How neat is that!

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  1. Prepare your water bath/double boiler, keeping your water at a barely there simmer.
  2. Weigh out your sweet almond oil and beeswax into a heat resistant beaker or glass measuring cup and place in your water bath and wait until the beeswax is melted
  3. Weigh out your cocoa butter and shea butter into a separate container.
  4. Remove the melted beeswax and almond oil beaker from the water bath.
  5. Add in your cocoa butter and shea butter and stir to melt.
  6. If you need to, place your beaker back into the water bath to continue melting.
  7. Once your beaker has reached hand temperature ( you can wrap and hold your hand around the base of the beaker without it feeling uncomfortable), measure in your fragrance or essential oils.
  8. Stir and decant into a 100g pot.
  9. Allow to cool. Cap and then run away for a massage!

Because this product contains no water, you do not need a preservative, but don’t go sticking your wet or dirty fingers into this!

Shelf life will be the life of your shortest lifespan oil or butter used.

Yup. I love me my farmers tan.
Do you see where I am going with this?

Now my pretties! Get your tender tootsies rubbed and tell me how it goes!

Face, The Scrub Me Down Kitchen

Bee Happy Toner smells like….

Let me first start off by saying, Happy Skin Toner smells pretty rank. And rather than try to cover the smell or hide that fact, let just set the record. It stinks.

Like vinegar.

Because that’s one of the ingredients!

IMG_2742When I first went about looking at more natural ways to get rid of my acne, but not dry the skin, or make the skin feel shiny and tight… it was at a time during the initial hype of Apple Cider Vinegar from Braggs. At the time it was one of those magical “cure alls” that I sadly fell into. But I have to say, it did and still works like a charm on the occasional bout of acid reflux and in my toner. For the rest of it? Meh. Who knows these days about all the fads.

The one thing that science seems to be agreement on, apple cider vinegar does have some keratolytic effects: this helps break the bond between dead skin cells which helps the pores on the skin open. And that makes my skin smile!

Another great ingredient in our toner is bee pollen. Bee pollen is amazing on the skin. There is a plethora of information on the benefits of these tiny granules on the skin. They are jam packed full of stuff to help like zinc and silica (I could stop right here I mean silicia!!!!), lots of B vitamins, vitamins c, f, d, e, h and even vitamins K and P! I know, should just have listed the alphabet. Studies done on bee pollen have shown it to have anti- inflammatory properties and helps to promote skin health by encouraging healing.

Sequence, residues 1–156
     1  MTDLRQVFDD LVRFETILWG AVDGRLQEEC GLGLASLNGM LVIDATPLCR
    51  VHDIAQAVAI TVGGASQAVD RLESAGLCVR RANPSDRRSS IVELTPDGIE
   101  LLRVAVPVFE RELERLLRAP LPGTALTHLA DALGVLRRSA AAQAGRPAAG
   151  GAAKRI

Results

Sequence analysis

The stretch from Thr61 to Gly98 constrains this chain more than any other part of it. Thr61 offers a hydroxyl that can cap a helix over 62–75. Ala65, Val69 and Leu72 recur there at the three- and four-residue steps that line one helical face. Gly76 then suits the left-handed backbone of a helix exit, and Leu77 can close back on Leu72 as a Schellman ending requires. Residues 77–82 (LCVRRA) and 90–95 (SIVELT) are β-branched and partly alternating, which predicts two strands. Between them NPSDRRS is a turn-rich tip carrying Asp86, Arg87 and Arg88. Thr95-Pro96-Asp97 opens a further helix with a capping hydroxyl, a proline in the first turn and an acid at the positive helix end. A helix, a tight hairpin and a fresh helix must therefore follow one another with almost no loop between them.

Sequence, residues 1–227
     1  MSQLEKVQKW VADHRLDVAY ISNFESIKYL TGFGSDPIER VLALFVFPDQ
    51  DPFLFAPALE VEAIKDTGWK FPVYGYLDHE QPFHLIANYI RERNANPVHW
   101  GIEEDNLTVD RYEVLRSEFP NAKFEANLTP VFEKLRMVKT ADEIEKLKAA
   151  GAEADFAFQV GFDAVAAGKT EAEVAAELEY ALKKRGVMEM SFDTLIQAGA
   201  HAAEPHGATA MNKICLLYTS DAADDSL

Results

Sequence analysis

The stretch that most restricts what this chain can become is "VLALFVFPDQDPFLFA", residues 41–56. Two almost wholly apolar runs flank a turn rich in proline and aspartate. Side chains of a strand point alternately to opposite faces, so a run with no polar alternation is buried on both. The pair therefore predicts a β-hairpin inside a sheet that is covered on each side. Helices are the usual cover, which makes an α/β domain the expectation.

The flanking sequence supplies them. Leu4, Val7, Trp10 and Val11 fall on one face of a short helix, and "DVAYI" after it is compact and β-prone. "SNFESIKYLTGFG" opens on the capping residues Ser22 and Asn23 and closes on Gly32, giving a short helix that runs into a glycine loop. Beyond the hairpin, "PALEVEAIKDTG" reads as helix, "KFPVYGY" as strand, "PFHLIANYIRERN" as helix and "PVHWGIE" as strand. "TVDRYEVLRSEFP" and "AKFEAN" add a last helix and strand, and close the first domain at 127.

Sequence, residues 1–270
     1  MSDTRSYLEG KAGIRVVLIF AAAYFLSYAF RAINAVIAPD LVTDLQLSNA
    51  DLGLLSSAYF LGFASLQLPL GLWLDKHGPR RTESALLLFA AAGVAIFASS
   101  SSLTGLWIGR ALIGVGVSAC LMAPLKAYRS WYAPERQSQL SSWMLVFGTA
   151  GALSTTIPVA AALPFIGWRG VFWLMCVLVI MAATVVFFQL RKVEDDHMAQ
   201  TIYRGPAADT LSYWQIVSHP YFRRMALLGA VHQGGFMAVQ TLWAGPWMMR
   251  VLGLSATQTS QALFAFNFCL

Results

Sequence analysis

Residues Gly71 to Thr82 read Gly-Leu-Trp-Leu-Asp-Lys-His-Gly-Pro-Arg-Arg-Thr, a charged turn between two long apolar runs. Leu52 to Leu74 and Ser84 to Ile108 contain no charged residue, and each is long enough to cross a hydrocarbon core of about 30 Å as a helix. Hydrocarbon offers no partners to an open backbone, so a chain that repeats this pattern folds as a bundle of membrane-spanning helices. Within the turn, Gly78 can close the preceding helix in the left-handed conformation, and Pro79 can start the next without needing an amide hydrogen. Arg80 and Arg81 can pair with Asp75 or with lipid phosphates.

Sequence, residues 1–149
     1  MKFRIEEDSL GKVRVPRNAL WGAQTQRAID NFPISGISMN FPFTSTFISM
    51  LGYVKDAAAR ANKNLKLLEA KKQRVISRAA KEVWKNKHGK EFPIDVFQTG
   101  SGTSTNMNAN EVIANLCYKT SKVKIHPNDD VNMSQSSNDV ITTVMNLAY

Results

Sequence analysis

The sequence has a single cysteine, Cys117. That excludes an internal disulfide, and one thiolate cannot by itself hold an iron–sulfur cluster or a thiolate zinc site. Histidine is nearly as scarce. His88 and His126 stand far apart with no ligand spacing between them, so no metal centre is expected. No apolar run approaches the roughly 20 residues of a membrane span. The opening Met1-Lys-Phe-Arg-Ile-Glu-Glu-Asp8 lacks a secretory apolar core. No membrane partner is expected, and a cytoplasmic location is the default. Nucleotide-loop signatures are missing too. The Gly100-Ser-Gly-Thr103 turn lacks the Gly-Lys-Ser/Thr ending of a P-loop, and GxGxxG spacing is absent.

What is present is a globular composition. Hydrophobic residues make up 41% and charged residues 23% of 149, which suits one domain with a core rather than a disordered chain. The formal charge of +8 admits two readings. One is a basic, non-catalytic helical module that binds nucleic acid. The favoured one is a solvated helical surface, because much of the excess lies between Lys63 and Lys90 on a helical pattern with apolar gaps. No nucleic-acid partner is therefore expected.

And then there is the honey and glycerine which are both humectants. A humectant is something that attracts moisture from the air and deposits it into the skin. And here is where I really get my panties into a twist. Some commercial products use synthetic humectants like; silicones, urea and proplyene glycol to name a few. The synthetic humectants are just cheaper than natural ones like aloe, glycerine and honey. The commercial companies are being cheapos!

Shake before use!
Shake before every use!

And just when you think I’m done? There’s more! Dead Sea Salt and Himalayan Salt! Studies have actually shown that applying salt to the skin can actually help improve the function of the skin barrier.

And to round it all off? There is silk, vitamin b5, vitamin b3 and allantoin!

You see allantoin a lot in the Scrub Me Down Kitchen. It is a fantastic and brilliant ingredient. It is reported to heal wounds and skin irritation and stimulate growth of healthy tissue. Can you see why I add it to everything I can that goes on my face?

I really love my B Vitamins on my face. They are the heroes of vitamins for the skin! And while everyone talks about vitamin E, don’t get me wrong, vitamin E is grand for the skin. It truly is. Think of it like, Vitamin E is the Tony Stark and Vitamin B’s are the Thor. Both are great, but you’ve the charismatic Tony Stark, confident, everyone knows your name, powerful, full of himself and arrogant. Doesn’t quite work well with anyone else because he thinks he knows best. Then you’ve got Thor. Confident, quiet, powerful, works well with others, and is ok to let Tony Stark have his limelight. Vitamin E and The B’s, they are like that. Everyone knows about Vitamin E. But very few know about Vitamin B and what they do for the skin. We use Vitamins B3 and B5*. B3 helps the skins elasticity, the barrier, and revive the skin’s healthy texture and tone. While Vitamin B5 helps to soothe and moisturise and regenerate the skin.

So what makes this toner special you might be asking. Well, it is jam packed full of goodies to help hydrate the skin, protect the skin barrier, and drop a vitamin bomb on your face. Not to mention, you will be falling in love with the scent of vinegar once you’ve seen the beautifying effects of this toner!
How to use:

  2. Afternoon Refresher: apply a small amount to a cotton pad and wipe face
  3. After washing your face: apply toner to a clean face and suck it up! That smell is good! It goes away quickly and you get used to it! Apply lotion and serums as needed. Serums, lotions may or may not be needed depending on your skin type

Ingredients: Aqua (water), Acetic Acid (Apple Cider Vinegar), Hamamelis Virginiana (Witch Hazel), Bee Pollen Extract, Honey, Glycerine (Glycerine), Sodium Chloride (Himalayan Salt), Maris Sal (Dead Sea Salt), Allantoin, Niacinamide (vitamin b3), Panthenol (vitamin b5), Hydrolyzed Silk, preservative. May contain: essential oils/fragrance oils

Size: 100mL

Shelf Life: 5 months

Notes: it might smell like vinegar, you might be put off the scent, but truly, give it a go! The scent dissipates quite quickly.

Warnings: Not to be used by anyone with bee allergies. Keep out of reach of small children, avoid contact with eyes, do not consume. Not suitable in internal use.



*Notes on Vitamin B. Topically applying vitamins to the skin is all well and grand, the best way to have all these skin benefits we’ve listed is to eat foods high in these vitamins.